Recipe adapted from Heloise Martel (for 4 individual ramekins)
1/2 cup of flour
1/4 cup of butter at room temperature
2 tablespoons of brown sugar
A pinch of salt
3 Bartlett pears
100 g semi-sweet good quality chocolate
1 teaspoon of vanilla extract
100 ml of whipping cream

Preheat the oven to 410 F. In a pan, bring the cream to a simmer and add the chocolate in small pieces. Take it off the heat and stir until the chocolate is melted and add the vanilla. Set aside.
In a bowl, crumble the butter, flour, brown sugar and salt. The mixture should form tiny pieces of dough. Cut the pears into bite-size pieces and place an equal amount into the buttered-ramekins. Divide the chocolate between the ramekins and pour over the pears. Add the crumble pieces to each. Cook for 25-30 minutes, or until the crumble is golden brown. Enjoy!

Monday, December 17, 2007

Lemongrass Pork Riblets


My most recent cook-book purchase (on the advice of fellow food-blogger Holybasil) is Andrea Nguyen's superb 'Into the Vietnamese Kitchen.' It's one of those rare cookbooks that you can read almost like a novel. She details the ordeals of her family leaving Saigon in 1975 and establishing a new life on the West Coast, and she talks about how her mom persisted in preserving and recreating authentic meals despite the limited American grocery supply. I like this book so much because it really underscores the crucial role that food plays in the maintenance of cultural heritages, especially in expat communities.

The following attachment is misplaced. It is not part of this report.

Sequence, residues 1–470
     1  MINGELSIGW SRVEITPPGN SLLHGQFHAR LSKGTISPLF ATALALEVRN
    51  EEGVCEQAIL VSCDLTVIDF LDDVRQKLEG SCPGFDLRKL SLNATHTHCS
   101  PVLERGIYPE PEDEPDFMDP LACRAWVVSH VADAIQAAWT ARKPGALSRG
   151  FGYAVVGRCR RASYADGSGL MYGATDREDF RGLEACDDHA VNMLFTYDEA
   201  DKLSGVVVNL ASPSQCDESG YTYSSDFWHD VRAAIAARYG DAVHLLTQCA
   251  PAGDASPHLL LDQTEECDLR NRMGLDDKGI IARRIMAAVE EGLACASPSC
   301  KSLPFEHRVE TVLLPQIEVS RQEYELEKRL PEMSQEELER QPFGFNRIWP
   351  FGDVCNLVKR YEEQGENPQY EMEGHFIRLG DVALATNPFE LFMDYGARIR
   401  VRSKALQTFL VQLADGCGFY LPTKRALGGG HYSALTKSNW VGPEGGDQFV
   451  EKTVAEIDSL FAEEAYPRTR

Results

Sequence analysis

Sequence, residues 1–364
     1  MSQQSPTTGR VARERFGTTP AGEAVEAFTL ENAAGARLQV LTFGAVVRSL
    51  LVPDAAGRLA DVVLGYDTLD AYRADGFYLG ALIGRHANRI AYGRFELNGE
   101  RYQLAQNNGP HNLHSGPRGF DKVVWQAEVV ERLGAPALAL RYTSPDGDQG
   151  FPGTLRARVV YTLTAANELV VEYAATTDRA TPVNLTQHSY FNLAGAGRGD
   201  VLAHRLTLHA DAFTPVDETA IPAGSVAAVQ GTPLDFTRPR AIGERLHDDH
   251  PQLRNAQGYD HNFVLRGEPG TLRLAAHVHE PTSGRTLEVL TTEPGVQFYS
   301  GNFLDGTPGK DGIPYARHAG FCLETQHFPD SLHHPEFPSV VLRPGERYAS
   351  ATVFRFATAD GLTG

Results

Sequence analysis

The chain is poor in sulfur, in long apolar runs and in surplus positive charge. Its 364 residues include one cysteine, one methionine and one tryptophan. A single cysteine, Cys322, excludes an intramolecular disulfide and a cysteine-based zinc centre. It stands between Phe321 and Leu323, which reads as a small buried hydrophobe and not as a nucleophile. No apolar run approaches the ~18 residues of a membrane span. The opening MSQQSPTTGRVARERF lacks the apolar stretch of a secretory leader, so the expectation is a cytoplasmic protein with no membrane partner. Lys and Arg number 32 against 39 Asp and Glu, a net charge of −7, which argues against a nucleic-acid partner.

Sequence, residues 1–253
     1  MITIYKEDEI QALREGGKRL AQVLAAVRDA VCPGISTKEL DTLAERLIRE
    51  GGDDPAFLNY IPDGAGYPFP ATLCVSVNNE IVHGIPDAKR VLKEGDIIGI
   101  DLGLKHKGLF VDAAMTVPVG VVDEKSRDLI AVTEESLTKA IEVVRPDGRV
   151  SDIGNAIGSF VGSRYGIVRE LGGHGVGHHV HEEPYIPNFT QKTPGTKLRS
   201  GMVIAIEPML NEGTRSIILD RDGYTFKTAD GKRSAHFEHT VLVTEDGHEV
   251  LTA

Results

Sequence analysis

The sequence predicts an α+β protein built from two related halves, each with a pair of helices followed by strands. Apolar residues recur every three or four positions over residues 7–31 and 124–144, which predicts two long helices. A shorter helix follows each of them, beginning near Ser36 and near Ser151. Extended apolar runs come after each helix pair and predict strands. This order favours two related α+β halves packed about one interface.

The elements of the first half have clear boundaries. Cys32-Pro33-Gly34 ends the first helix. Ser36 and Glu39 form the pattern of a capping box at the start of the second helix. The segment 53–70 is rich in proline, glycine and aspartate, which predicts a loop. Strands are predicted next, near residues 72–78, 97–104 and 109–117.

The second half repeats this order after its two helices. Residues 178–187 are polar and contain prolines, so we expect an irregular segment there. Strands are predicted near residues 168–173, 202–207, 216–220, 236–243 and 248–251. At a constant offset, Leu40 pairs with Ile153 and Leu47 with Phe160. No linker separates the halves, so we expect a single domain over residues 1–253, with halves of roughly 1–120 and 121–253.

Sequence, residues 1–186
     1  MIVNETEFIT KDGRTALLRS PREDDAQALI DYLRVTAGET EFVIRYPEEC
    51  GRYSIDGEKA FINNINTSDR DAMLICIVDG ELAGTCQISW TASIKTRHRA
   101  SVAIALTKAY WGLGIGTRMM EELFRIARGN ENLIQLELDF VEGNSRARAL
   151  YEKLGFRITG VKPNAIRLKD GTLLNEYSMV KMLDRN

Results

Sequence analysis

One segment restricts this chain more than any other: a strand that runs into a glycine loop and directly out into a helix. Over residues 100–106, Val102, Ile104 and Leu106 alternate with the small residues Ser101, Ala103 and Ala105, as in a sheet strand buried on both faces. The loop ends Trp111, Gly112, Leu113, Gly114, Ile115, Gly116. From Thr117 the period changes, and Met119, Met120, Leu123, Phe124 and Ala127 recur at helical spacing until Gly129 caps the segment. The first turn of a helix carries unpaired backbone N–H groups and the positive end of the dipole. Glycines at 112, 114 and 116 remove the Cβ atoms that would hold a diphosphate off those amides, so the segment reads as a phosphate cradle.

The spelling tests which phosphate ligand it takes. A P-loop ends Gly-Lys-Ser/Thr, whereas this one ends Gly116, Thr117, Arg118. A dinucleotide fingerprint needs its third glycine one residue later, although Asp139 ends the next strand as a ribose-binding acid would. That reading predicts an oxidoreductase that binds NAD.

My paternal family also fled from Saigon, probably a few short months after Andrea's, and I grew up in a thoroughly Canadian culture. I don't speak the language, and I've never been to Vietnam. Food, and the family rituals that surround it, remain as my strongest link to my cultural inheritance and I've learned to treasure that.

These little riblets are a real treat and they were really fun to make. The key ingredient is lemongrass, a long-stalk, husk-like vegetable that has all the aroma and freshness of lemon without the acidity. A medium-sized bunch set me back 99 cents at the local asian market. The other secret ingredient is a wonderful caramel sauce called Nuoc Mau, that Andrea Nguyen explains how to make both in her book and on her blog here. In a pinch though, honey will work just as well. The riblets are marinated for 24 hours and then roasted in the oven. They weren't quite as tender as I thought they'd be (I think I will try adapting this recipe by braising them beforehand) but they were packed with flavour. A warning though: they are really messy to eat!


1 rack of spareribs or babyback ribs, cut lengthwise into 2 inch pieces
1 cucumber, to serve

For the marinade
3 cloves of garlic, chopped
1 large shallot, chopped
1 tablespoon brown sugar
1/2 teaspoon of black pepper
2 tablespoons of soy sauce
2 tablespoons of honey or Caramel Sauce
1 tablespoon of fish sauce (nuoc mam)
2 tablespoons of canola oil
2 lemongrass stalks, trimmed and minced

To prepare the ribs, carefully peel off the tough white membrane along the back of the ribs. This will take a bit of force, so be careful. Cut between the bones into individual riblets.

For the marinade, mix the garlic, shallot, lemongrass and oil and blend them in a mortar and pestle or small processor. Add to a large bowl. Add in the brown sugar, black pepper, soy sauce, caramel sauce and fish sauce and mix. Add the riblets and, using your hands, coat the meat in the marinade, cover with plastic wrap and let it sit in the fridge overnight.